What was King George III's opinion?
Lesson 2 of 13
Objective: SWBAT analyze the argument of King George III in a primary source document .
During the Cue Set, we continue to practice the skill of identifying an author's main points & analyzing the reasons and evidence he or she gives to support those points. Scholars watch two different advertisements today and answer the following questions:
1. What is the main point of the advertisement?
2. What evidence or reasons does the producer give to support the main point?
Scholars watch each video once. Here are scholars watching the advertisements. We pause in between viewings to jot down our thoughts. After we watch both, scholars have 30 seconds to share their thoughts with their friends. Finally, I take 2 friends from my cup to share and 3 volunteers.
Since this is day 2 of RI8, we ratchet up the rigor a bit with our text selection. Today we read King George III's declaration regarding the colonists imminent rebellion. We do a cloze reading (I read aloud and pause, scholars fill-in-the-blank with my paused upon word) of the text. The purpose of reading the first time through is to simply highlight key words (words that we think are important to understand the text).
We read a second time and ask ourselves, "What are King George III's main points?" Here, scholars read the proclamation. I model how to record my thinking on my graphic organizer.
I model how to use the graphic organizer and we read the text together so that scholars can understand that when you read something complex, you must read it multiple times to really get a grasp for what it says. Scholars need a model of this otherwise, they will not know how to deconstruct something complex. Also, building a foundation of comprehension will help scholars become more independent in the guided practice.
During Guided Practice, scholars break up into heterogenous partnerships. As they break up into partnerships, they re-read the King George III's declaration. Then, scholars answer the questions below by recording them on their graphic organizers:
1. What points does the author make?
2. How does the author support these points?
During the Guided Practice, I pair lower scholars with medium low scholars and high scholars with medium high scholars. The reason for this is to ensure that no one becomes frustrated with their partner, and also so that my ELL co-teacher and I can strategically support certain groups. Here are scholars partner reading and partner reading continued.
Here is an example of me supporting a partnership:
Scholars love partner reading time because it helps them to hear a model of fluent reading other than the teacher. Also, they get to move around the room and find a comfy place to read. This increases oxygen to their brains and it gives them a change of scenery.
During this time scholars rotate through 3 stations. I give scholars 20 seconds to get to the place in the room where they will be for the first rotation. The first scholars who are there with all materials they need receive additions on their paychecks or positive PAWS. Before we get into the first rotation, we review our Weekly Checklist so that scholars know exactly what to focus on during the independent rotations.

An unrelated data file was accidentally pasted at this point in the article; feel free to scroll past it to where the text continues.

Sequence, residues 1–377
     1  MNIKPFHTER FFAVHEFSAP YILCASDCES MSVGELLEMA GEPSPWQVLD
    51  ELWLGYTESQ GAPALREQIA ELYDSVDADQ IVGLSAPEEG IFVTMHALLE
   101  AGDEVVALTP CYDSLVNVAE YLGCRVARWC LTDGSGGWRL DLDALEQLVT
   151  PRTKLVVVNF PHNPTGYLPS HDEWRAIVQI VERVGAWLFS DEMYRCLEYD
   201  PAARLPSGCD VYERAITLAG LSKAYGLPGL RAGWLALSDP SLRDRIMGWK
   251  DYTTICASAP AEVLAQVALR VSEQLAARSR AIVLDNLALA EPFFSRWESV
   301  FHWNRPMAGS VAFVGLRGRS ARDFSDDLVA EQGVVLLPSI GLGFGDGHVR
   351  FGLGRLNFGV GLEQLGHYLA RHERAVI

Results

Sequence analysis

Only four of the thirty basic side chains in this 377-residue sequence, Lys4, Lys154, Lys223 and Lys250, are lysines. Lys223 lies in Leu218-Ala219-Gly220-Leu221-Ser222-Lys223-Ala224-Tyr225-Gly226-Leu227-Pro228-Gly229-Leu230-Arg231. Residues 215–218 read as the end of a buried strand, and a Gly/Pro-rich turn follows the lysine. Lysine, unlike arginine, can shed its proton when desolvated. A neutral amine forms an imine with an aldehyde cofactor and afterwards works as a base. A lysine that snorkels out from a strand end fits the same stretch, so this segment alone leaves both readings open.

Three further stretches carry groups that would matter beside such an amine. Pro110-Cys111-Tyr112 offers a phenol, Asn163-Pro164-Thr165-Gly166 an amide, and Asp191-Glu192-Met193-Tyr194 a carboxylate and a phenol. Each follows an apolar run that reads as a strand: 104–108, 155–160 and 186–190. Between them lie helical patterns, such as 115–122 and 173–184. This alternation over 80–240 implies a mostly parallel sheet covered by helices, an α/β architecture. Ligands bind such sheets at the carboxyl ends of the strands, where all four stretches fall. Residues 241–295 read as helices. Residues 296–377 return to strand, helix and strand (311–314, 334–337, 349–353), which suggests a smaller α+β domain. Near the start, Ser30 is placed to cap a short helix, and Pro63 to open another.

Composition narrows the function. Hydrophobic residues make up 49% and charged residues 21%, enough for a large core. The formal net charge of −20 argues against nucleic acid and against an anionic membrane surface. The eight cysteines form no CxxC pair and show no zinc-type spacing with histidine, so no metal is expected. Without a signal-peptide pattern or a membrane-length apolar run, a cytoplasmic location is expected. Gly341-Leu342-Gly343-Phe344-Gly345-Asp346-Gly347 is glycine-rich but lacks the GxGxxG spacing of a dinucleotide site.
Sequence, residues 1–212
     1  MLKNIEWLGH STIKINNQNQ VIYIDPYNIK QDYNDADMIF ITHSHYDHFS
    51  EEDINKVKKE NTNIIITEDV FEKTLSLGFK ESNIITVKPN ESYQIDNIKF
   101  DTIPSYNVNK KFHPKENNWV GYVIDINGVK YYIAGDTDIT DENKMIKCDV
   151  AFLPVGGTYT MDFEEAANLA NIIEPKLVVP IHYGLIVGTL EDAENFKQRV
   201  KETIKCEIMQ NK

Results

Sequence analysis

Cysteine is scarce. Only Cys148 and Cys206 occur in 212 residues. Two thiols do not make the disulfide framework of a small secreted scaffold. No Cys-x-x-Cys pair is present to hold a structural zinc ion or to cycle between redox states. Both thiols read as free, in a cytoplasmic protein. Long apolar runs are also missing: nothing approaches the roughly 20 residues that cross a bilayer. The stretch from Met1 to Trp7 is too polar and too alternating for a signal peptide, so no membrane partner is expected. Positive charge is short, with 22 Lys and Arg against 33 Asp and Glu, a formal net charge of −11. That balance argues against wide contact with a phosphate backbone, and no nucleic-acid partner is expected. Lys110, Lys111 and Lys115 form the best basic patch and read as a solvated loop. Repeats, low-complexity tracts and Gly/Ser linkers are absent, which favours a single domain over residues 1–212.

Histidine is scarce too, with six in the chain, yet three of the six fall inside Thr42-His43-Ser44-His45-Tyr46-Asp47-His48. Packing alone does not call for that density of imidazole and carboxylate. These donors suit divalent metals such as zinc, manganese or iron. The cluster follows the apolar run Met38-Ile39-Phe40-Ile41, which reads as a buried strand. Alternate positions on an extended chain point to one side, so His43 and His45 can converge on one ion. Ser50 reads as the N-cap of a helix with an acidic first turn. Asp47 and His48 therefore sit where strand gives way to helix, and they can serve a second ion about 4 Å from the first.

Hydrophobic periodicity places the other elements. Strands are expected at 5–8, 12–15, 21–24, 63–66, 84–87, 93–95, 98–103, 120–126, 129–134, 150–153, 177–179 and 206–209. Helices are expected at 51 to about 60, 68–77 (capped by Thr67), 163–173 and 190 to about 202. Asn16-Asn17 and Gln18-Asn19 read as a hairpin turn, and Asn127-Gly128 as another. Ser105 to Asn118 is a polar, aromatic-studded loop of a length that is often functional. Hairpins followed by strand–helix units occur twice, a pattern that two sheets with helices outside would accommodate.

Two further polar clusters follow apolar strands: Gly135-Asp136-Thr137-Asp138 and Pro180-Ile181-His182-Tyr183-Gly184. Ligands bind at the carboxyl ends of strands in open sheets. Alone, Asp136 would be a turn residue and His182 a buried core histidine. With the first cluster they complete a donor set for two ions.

During the rotations for this lesson, my small group objective today is to identify the main points an author makes using books that are on each group's highest instructional level. My focus is this objective because it is a pre-requisite objective to RI8 (the focus standard of this week). Scholars read a portion of the same book or article (different for each group depending on reading level, but the same text is read in each group). We practice recording our thinking on dry erase boards to use a different mode of recording and to keep things a little fresh. My ELL co-teacher pulls small groups that focus on RI8 - explain how an author uses reasons and evidence to support points in a text, including which reasons and evidence support which points- since this is the focus standard of the week.
The pink group will continue student-led text talk groups. Their focus question will depend upon the text they selected and the part that they read. They are always expected to use quotes to support their answer.
After the first rotation, I do a rhythmic clap to get everyone's attention. Scholars place hands on head and eyes on me so I know they are listening. Then they point to where they go next. I give them 20 seconds to get there. Again, scholars who are at the next station in under 20 seconds with everything they need receive a positive PAW or a paycheck addition. We practice rotations at the beginning of the year so scholars know if they are back at my table, they walk on the right side of the room, if they are with the ELL teacher, they walk on the left side of the room and if they are at their desks, they walk in the middle of the room. This way we avoid any collisions.
At the end of our rotation time I give scholars 20 seconds to get back to their desks and take out materials needed for the closing part of our lesson. Timing transitions helps to make us more productive and communicates the importance of our learning time.